Wood Species

Here are a few species of wood that are common in my area - the Northeastern US.


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cherry bandsaw box

Cherry

is a great wood for making boxes. It is easy to work with, readily available and looks "friendly." By that I mean that it's elegant without being formal. Its color ranges from salmon pink to dark red-brown.

Cherry darkens as it ages. The deep richness of aged cherry is gorgeous (in my humble opinion). However, you have to watch for uneven shading. If you have a tabletop with a runner on it, for instance, before long you will see a difference in the color of the wood when you remove the runner. If the wood is in the sun it happens even more quickly.


Walnut

is more formal than cherry. It is a dark-brown wood with light sapwood. Sometimes walnut will have streaks of an almost purplish color.

Walnut will lighten and yellow just slightly as it ages. Because walnut is dark it tends to look heavier and have the feel of taking up more space. It looks great with orange shellac.


If you can find figured walnut it can be spectacular.

Red oak

is homey and country. It is less formal than either cherry or walnut. Quartersawn oak is traditionally used for things made in the Craftsman style. It can be splintery to work with, but takes a finish nicely.

Hard maple

is a modern looking wood. It is light in color (and heavy in weight). Because of the color it tends to make things look smaller in size.

Maple often has beautifully figured grain, such as spaulted or bird's eye. It can be chippy to work with. If your blades aren't sharp you can get a lot of chip-out.

Birch

is similar to maple but has darker streaks throughout. It is a strong, utilitarian, wood. It's often used in plywood.

Book matched red birch above and curling birch bark on the right.


Don't ever peel the bark all the way around a birch tree (or any other wood species for that matter) as "girdling" as it's called will kill the tree.

Apple:

I've used apple a few times for turning and it is smooth as butter on a lathe. It's color isn't particularly interesting, mostly cream with occasional mineral streaks.

The box to the left is apple with a cherry top.

Poplar

is a light wood with a slight green tint. It can be just beautiful. Although it's often used for painted projects and parts that won't be seen, I think it's been given a bad rap. Often poplar boards have beautiful green and/or purple-brown streaks through them.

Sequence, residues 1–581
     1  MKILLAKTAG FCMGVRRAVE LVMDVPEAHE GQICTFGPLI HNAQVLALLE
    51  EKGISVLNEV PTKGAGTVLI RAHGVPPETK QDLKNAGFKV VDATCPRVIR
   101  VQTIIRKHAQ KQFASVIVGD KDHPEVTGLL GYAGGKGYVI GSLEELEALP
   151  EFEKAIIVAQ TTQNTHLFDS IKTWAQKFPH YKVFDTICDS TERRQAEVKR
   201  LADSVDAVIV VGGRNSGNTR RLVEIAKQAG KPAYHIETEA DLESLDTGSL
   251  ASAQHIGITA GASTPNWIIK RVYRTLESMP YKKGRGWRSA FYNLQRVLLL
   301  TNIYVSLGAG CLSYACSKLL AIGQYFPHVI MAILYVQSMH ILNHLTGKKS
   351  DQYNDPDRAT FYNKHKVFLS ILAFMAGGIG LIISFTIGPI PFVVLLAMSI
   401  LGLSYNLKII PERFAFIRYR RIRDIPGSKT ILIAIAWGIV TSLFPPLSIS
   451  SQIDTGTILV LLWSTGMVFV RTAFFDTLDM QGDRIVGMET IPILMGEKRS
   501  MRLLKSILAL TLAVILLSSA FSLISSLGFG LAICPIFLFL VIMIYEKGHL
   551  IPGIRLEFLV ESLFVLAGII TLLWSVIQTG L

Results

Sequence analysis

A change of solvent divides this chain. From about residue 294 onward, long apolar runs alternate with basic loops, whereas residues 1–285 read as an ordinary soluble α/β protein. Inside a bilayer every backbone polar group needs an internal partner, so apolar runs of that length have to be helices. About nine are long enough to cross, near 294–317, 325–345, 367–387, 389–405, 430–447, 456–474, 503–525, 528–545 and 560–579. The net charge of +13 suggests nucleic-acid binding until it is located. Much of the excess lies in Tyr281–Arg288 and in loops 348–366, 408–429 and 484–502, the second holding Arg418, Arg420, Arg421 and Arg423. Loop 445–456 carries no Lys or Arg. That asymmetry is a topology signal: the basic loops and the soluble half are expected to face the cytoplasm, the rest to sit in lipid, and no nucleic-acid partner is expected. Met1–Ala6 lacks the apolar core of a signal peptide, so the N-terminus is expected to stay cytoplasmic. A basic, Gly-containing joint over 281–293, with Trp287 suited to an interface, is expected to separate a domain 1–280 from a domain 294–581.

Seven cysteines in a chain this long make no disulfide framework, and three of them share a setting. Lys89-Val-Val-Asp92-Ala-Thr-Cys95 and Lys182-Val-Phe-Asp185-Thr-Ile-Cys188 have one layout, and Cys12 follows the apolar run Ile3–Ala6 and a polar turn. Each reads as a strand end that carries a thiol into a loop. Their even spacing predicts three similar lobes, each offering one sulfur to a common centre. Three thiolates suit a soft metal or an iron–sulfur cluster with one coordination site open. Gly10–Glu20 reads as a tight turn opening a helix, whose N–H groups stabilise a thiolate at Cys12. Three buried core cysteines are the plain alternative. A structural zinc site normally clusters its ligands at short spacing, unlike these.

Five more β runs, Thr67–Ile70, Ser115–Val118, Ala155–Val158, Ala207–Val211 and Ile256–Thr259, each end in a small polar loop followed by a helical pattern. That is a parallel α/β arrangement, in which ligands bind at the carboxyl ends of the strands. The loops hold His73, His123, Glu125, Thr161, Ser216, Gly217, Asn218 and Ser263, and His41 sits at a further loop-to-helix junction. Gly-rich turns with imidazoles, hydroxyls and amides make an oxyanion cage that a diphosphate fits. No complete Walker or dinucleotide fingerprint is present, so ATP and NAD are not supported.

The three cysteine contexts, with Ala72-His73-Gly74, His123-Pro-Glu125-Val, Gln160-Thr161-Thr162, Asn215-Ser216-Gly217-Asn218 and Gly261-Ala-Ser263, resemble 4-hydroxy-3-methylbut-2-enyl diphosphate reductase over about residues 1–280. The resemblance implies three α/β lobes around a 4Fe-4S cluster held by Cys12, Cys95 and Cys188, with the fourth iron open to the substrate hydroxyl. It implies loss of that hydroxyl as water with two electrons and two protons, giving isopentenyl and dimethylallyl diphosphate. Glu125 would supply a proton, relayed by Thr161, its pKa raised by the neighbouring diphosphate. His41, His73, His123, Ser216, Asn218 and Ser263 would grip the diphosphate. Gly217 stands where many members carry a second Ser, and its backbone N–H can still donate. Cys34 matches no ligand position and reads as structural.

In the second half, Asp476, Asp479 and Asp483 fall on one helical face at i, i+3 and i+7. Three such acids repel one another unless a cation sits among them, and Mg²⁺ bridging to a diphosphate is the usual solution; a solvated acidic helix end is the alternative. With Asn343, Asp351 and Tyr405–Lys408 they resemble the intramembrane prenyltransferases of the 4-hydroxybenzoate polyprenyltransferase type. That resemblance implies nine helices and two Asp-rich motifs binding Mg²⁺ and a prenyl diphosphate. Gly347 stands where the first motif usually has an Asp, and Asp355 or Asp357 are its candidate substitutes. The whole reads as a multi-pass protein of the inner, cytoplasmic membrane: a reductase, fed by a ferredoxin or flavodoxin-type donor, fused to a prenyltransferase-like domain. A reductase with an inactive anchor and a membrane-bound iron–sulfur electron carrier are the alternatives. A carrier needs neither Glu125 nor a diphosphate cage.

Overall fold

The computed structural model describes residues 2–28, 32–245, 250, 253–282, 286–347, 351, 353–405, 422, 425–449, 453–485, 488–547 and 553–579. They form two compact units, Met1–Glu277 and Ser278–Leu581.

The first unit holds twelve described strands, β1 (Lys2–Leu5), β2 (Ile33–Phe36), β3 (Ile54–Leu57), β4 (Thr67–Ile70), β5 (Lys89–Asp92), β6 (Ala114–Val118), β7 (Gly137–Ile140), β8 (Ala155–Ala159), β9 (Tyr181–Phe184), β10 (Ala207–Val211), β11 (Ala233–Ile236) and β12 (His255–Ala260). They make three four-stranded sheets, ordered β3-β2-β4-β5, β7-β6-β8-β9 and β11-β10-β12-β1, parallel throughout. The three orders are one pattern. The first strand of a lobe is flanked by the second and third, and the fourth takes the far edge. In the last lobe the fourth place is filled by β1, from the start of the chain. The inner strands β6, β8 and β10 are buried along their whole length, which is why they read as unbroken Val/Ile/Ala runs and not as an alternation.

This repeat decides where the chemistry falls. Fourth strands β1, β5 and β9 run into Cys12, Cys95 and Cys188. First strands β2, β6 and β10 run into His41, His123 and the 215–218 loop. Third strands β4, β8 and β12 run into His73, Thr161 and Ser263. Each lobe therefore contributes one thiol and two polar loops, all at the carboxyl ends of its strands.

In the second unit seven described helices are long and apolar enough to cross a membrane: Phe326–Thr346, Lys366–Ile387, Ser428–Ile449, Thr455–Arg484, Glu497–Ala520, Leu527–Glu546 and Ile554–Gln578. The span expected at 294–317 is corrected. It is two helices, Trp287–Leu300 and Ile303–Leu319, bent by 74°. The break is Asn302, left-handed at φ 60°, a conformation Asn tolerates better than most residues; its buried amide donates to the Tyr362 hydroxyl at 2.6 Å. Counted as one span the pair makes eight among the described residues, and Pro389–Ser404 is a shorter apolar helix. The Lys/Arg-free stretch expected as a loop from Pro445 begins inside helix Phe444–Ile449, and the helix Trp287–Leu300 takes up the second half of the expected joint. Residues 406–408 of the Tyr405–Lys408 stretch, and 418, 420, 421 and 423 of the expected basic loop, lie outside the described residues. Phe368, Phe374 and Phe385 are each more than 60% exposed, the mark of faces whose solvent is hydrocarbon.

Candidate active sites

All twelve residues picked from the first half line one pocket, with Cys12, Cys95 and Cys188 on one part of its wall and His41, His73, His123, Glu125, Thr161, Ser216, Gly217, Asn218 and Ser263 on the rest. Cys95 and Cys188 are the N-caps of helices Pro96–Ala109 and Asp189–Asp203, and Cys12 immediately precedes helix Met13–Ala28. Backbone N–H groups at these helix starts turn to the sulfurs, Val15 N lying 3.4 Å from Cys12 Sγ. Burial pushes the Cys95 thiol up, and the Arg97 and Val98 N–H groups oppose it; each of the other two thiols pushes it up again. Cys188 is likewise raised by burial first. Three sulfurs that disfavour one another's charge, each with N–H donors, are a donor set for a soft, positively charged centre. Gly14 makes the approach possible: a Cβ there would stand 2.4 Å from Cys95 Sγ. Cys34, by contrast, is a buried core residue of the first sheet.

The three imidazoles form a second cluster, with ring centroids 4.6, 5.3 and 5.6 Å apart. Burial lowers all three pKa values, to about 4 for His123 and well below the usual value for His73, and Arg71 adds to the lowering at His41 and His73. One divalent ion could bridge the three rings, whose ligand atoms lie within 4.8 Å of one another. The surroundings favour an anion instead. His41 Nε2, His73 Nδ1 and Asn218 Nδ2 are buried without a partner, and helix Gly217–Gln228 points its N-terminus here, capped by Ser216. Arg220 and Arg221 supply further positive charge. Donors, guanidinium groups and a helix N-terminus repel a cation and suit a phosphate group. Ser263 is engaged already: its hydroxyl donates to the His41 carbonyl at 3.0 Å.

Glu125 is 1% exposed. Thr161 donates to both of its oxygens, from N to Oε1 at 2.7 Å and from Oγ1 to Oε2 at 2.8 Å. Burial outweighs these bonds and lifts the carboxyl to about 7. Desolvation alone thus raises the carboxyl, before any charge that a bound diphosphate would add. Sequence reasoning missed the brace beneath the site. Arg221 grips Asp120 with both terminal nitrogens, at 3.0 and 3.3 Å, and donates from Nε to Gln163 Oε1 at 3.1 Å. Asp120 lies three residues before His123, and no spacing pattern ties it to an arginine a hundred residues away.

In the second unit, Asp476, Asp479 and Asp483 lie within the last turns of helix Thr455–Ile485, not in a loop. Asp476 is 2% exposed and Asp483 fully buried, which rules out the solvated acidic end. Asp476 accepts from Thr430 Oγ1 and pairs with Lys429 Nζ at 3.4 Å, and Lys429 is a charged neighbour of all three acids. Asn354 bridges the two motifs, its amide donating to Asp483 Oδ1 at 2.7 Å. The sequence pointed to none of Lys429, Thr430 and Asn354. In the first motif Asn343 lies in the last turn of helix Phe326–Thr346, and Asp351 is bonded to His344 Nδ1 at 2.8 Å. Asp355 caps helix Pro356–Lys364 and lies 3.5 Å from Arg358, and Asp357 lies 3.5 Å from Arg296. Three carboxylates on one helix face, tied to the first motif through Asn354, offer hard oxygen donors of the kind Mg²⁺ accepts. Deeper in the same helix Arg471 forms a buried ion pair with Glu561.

Cedar

smells wonderful.  It can also be somewhat splintery, but the patterns made by the contrasting heartwood and sapwood can be incredible. The heart wood is deep purple and the sapwood is light cream.  It's great for book matching.


Ash

is heavy, flexible and strong. It's traditionally used for making baseball bats. It looks somewhat like oak. It's a good choice for bending.

Alder

is similar in looks to cherry, but isn't as rich in color (or as expensive). It is also lighter and softer than cherry. However, it works easily and is a good alternative to cherry if your wallet is feeling a tad on the light side.

Ash box top with carved rose above.

Hickory


I find hickory to be terribly uncooperative to work with. It dulls tools nearly instantly. However, it is strong and has a straight grain. The box to the right has a hickory top (alternating sapwood and heartwood).

hickory board


Butternut

is light as a feather and works easily. It isn't very strong, but is a good choice if you want something light. It tends to have a relatively straight grain pattern and is gray-brown in color.


Of course there are hundreds of other wood species (I didn't even mention the softwoods). I like to explore new woods, but I always come back to my favorites.

 





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